New research* highlights how the lack of success in controlling weeds on agricultural and conservation land is challenging New Zealand’s position as a global leader in biosecurity.
Weeds are costing the country billions of dollars every year.
In a state-of-the-art review of how weeds are managed in New Zealand, Professor Philip Hulme has called for a paradigm shift in our approach.
“Unfortunately, we have rather little to show for the vast amount of time and effort government and landowners invest in the management of weeds,” said Professor Hulme, of the Bio-Protection Research Centre based at Lincoln University.
He said part of the problem is the reliance on short-term, under-funded, and poorly coordinated control programmes that usually target only the weed in question and not the underlying causes of the problem as well.
“Weeds may often be the passengers of wider ecosystem degradation rather than the drivers of change, so working to restore the system rather than only removing the weed may be a more sustainable approach”.
He also points to a worrying trend that spending on weed management and research is no longer a priority.
“Investment in major biosecurity initiatives such as Predator-Free NZ, kauri dieback and myrtle rust has led to fewer resources for weed eradication”.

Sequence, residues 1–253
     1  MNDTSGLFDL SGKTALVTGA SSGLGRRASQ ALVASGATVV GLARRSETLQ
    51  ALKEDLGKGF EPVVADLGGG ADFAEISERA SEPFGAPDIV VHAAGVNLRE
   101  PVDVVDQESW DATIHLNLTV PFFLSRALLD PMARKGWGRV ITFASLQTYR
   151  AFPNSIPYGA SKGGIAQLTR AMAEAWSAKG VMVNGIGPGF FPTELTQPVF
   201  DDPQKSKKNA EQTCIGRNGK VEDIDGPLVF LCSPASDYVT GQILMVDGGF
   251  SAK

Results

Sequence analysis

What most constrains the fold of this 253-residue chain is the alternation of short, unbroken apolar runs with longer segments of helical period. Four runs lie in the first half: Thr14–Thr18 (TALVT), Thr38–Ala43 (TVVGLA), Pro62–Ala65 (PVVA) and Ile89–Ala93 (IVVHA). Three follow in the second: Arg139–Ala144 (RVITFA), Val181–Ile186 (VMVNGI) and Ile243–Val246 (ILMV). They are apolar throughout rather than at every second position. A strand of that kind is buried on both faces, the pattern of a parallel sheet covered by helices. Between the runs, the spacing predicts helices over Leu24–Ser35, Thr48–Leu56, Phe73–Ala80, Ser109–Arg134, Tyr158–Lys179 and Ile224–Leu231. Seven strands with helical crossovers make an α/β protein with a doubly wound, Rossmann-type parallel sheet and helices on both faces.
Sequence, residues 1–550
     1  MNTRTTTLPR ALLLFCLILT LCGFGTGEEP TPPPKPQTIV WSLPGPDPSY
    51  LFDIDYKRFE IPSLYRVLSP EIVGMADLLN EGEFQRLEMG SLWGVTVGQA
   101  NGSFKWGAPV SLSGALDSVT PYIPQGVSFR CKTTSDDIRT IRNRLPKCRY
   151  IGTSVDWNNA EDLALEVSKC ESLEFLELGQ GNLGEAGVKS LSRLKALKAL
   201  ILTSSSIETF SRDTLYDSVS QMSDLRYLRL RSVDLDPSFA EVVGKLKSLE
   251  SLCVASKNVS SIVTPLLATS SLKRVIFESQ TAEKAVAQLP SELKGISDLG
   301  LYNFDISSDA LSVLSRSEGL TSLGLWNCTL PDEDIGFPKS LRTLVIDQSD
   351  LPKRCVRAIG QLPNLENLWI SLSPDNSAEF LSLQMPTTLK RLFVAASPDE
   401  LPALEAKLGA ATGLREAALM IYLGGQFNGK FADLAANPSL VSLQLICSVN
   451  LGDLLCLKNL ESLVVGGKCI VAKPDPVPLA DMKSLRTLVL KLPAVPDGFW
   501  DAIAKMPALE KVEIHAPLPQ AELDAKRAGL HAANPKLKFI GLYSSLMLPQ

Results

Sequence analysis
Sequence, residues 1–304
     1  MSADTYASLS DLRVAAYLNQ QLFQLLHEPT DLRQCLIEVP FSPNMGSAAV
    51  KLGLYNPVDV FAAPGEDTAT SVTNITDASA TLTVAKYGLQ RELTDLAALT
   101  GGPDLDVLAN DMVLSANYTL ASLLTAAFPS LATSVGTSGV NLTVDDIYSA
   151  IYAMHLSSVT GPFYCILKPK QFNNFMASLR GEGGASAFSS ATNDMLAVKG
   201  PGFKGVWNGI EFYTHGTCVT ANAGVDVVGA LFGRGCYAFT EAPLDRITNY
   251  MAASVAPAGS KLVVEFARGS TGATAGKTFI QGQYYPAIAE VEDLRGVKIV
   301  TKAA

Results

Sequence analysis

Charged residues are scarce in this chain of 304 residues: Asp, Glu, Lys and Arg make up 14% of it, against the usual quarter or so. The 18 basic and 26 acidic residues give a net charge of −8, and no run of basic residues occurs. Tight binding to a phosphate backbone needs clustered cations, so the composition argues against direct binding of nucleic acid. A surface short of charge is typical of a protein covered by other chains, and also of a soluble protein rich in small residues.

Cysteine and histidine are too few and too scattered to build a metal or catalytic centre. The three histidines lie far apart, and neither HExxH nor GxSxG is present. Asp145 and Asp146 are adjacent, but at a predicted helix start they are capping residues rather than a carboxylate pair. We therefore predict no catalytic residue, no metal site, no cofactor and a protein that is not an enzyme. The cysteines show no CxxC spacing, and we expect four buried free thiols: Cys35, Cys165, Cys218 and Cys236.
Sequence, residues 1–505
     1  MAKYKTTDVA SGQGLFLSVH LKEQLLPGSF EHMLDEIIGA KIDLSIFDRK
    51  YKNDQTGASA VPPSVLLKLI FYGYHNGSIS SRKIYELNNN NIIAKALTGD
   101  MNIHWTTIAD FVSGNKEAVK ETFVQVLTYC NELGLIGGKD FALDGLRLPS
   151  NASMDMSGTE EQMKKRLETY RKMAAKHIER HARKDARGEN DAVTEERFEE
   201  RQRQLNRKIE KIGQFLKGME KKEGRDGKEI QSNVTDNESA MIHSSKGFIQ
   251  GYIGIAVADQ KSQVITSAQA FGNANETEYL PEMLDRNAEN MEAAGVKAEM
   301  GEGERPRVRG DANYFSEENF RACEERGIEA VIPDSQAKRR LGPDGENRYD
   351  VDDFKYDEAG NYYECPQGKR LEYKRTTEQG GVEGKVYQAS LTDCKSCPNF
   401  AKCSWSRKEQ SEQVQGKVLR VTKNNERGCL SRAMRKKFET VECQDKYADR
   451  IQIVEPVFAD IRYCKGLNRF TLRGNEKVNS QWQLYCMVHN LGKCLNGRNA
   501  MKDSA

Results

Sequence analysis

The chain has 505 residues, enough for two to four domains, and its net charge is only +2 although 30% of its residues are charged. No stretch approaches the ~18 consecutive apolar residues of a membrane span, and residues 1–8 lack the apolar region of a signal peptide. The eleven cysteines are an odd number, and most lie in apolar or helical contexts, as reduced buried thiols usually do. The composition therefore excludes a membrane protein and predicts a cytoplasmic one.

This may explain why the Department of Conservation is managing weeds on a smaller area than it was five years ago, he said.
In addition to calling for a more holistic approach to biosecurity management, Professor Hulme recommends a shift from weed control being a reactive response to reflecting a proactive strategy.
“We should really be looking at stopping the weeds of the future, particularly those that will become a problem under climate change but also those that, given enough time, are likely to spread anyway.”
*Hulme PE (2020) Plant invasions in New Zealand: global lessons in prevention, eradication and control. Biological Invasions, online HERE.
Professor Hulme is the Distinguished Professor of Plant Biosecurity at Lincoln University. He has been listed in the top 1% of all scientists worldwide in terms of his research impact in each of the past six years.
In 2019 he was awarded the prestigious Hutton Medal from the Royal Society Te Apārangi for his outstanding work on plant invasions in New Zealand.
Source: Lincoln University